The Hong Kong Tourism Board gathers 18 artists celebrating the country through art including four Filipinos
Hong Kong Tourism Board assembled artists from across Southeast Asia to create art work that celebrates Hong Kong through “Arts in HK with S.E.A. artists.” The project is actually a continuation of “Arts in Hong Kong” which is a year-long endeavor that raises awareness about Hong Kong’s diversity of arts and culture.
“Arts in HK with S.E.A. artists” features artistic work from talented artists hailing from Indonesia, Malaysia, Philippines, Singapore, Thailand, and Vietnam. The website further states that “the collection of artwork spans across a spectrum of genres from painting to digital illustration, pottery, embroidery, sand art and more.”
Here are the four featured Filipino artists’ art pieces:
Celine Tablinga (Pottery Artist)
In an Instagram post, Celine Tablinga shares, “I had the opportunity to attend the “Arts in Hong Kong” virtual tour recently where we visited impressive art venues such as the new M+ museum and Hong Kong Palace Museum in West Kowloon!
At the virtual tour, they featured one of the few remaining artists who make traditional hand-carved mahjong sets. This was personally very interesting to me because growing up my grandmother who taught us how to play mahjong would invite us over to play in our garden almost every weekend. I can still vividly recall the satisfying sound the tiles make when they’re being jumbled together after a game ends.
I was inspired to create an art piece inspired by Hong Kong’s most iconic culture and traditions and decided to create a vase, incorporating the mahjong tile “發” which means prosperity and gold fishes to represent my fascination with Hong Kong’s iconic goldfish market which I’m looking forward to seeing in person. Not only that, but also get to see first hand the legendary Biu Jee Mah-Jong shop!
There is so much that I want to see and discover in Hong Kong! Can’t wait to visit soon!”
Ciara Gan (Painter)
“Who says art pieces belong in galleries? Sometimes, they belong in 144 tiles tucked away in a leather box,” says Ciara Gan in her Instagram account.
She adds, “The game of ‘mahjong’ ties into Chinese culture. After attending the Arts in Hong Kong virtual event, I was fascinated by Biu Kee Mahjong and Mr. Cheung’s hand-carved tiles. The art of hand carving mahjong tiles is so unique, it’s even listed as one of Hong Kong’s Intangible Cultural Heritages by the local government.”
Gan elaborates, “I wanted to create a piece that represents both memories and how mahjong brings people and families together. The old photograph comes from an old mahjong advertisement. I also added a few elements like the junk boat and Hong Kong skyline, as well as Chinese characters that translate to Hong Kong being ‘The Pearl of the Orient.’ I can’t wait to visit Hong Kong and explore all the art and culture the city has to offer!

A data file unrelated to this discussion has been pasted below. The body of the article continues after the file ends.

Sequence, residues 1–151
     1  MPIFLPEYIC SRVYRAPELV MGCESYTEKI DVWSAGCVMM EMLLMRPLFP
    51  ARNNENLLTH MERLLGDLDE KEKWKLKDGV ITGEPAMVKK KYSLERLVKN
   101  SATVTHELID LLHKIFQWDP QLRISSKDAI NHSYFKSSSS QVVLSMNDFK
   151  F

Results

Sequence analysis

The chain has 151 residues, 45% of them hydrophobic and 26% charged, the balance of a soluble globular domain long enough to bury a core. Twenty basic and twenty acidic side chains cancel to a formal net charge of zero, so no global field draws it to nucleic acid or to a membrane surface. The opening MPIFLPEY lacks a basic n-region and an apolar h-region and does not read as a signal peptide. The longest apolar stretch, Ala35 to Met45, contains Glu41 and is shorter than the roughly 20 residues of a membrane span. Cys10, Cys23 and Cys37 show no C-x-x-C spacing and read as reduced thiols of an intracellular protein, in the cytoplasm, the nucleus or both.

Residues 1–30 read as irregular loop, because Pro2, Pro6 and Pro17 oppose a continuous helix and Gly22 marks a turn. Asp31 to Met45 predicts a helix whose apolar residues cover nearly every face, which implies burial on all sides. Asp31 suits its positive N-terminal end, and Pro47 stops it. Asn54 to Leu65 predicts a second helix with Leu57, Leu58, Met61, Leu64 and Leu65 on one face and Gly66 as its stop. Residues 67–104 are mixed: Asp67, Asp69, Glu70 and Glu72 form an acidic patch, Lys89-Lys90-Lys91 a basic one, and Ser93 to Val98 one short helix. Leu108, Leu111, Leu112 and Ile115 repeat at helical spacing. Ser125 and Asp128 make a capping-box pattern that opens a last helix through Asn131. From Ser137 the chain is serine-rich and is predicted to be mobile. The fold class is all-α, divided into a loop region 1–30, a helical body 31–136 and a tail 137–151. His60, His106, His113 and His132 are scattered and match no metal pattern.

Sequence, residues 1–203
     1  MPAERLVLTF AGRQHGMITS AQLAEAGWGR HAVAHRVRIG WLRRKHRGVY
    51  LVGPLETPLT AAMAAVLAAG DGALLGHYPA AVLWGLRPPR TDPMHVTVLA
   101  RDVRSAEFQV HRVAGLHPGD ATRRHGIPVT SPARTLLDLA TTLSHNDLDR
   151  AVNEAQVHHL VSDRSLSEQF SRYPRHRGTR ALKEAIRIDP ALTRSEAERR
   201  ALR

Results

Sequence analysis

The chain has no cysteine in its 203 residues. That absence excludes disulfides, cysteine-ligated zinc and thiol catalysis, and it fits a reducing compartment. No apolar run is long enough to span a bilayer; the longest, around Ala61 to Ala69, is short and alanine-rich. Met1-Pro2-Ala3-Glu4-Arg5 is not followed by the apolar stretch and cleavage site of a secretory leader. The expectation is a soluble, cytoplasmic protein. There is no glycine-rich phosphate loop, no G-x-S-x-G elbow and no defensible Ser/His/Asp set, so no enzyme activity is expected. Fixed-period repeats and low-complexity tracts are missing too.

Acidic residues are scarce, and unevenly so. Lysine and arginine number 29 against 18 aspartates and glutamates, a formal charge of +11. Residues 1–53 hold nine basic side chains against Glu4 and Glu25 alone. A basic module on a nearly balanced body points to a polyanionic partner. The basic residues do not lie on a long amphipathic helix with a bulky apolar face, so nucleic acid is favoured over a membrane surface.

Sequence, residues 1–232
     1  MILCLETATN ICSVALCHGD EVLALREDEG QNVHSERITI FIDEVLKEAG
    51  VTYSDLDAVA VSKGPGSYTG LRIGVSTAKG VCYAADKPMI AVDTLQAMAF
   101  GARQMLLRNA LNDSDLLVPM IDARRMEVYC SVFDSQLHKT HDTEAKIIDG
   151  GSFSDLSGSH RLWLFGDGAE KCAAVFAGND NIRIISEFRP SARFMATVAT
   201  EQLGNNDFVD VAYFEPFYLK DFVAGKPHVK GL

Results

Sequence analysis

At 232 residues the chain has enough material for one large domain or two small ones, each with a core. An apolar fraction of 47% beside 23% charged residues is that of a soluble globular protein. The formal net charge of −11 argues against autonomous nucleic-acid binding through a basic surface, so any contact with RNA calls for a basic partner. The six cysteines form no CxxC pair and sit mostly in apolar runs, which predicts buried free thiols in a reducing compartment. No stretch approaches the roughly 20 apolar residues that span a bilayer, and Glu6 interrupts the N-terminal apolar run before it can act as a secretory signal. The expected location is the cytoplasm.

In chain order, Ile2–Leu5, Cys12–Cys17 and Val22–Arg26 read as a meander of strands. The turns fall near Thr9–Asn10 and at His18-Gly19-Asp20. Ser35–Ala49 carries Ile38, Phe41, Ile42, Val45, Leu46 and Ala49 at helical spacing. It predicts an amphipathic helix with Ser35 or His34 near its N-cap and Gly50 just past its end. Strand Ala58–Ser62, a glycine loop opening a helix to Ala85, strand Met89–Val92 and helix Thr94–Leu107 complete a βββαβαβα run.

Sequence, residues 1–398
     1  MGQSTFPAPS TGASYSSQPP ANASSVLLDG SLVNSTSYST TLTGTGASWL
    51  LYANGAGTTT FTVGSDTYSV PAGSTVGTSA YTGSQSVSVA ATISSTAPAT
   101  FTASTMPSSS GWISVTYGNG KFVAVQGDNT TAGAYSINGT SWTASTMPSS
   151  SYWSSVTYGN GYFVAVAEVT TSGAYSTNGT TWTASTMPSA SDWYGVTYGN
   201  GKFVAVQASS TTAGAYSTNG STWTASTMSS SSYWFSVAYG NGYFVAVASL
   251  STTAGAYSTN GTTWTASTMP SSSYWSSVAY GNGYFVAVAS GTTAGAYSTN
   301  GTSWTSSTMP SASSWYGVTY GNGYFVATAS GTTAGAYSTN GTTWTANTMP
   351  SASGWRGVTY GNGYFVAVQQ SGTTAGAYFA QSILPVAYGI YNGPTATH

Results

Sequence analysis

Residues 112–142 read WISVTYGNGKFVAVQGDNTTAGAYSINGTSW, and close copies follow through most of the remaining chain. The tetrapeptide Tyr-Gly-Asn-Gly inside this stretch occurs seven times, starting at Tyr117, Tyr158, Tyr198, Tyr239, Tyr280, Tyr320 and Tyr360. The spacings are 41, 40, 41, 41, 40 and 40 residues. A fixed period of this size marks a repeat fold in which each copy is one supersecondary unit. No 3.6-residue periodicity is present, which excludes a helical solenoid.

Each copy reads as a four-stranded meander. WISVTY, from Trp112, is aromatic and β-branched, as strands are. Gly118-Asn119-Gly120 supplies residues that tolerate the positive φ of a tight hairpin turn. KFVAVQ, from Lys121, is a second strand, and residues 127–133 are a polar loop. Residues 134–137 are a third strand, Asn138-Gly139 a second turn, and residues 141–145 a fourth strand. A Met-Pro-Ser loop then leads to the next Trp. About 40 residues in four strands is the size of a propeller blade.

Krissie Mateo (Paper Artist)
Krissie Mateo writes in her Instagram post: “I was invited to attend the Arts in Hong Kong virtual tour recently and took on the challenge of creating art inspired by some of the featured sites.
One of the sites that piqued my interest the most was Sindart, a traditional handmade Chinese embroidered footwear store. I liked how Miru Wong (the third-generation store owner) kept her family’s tradition of silk embroidery alive while incorporating modern designs into her work. This marrying of old and new became the main inspiration for this paper art piece.
The left slipper represents the Hong Kong that we are all familiar with, featuring some cultural elements and landmarks such as the Big Buddha, junk boat, Wong Tai Sin Temple, against the mountainous landscape of Hong Kong. The right slipper represents Hong Kong’s present, specifically highlighting the West Kowloon Cultural District. Featured are some of the new places to visit in the area which include the M+ museum, Hong Kong Palace Museum, Xiqu Center, and the Art Park. “
Mela Gonzales (Embroidery Artist)
Mela Gonzales shares through Instagram, “I was recently invited to the Arts in Hong Kong virtual tour and asked to design a bodice inspired by Hong Kong, so I made one that features an embroidered outline of their iconic skyline!”
When I was in grade school, my brother and I would always ask our parents if we were going to Hong Kong again for the summer. It was the first place outside of the Philippines that we’ve ever been to, so we were always pestering our parents to take us back when they can cause we loved it so much there (especially the food and of course… HK Disneyland HAHAHA).
It’s been a long long time since we’ve last been back, but I can’t wait to visit again when the times are better. Would love to see that skyline in person .
PS also wanted to mention that the embroidery and design was inspired by Sindart’s traditional embroidered Hong Kong slippers! I loved the way Miru Wong, the third generation owner and artisan behind Sindart, would create, and modernise the design of her slippers using colour and graphics, which was something I was hoping to achieve with this bodice!
Banner photo from Hong Kong Tourism Board website featuring “Emily & Fufuland in West Kowloon” by Thai digital artist, Seatapron Korwanichakul Painterbell and an illustration of iconic Hong Kong landmarks, food, and culture by Malaysian illustrator Chong Fei Giap.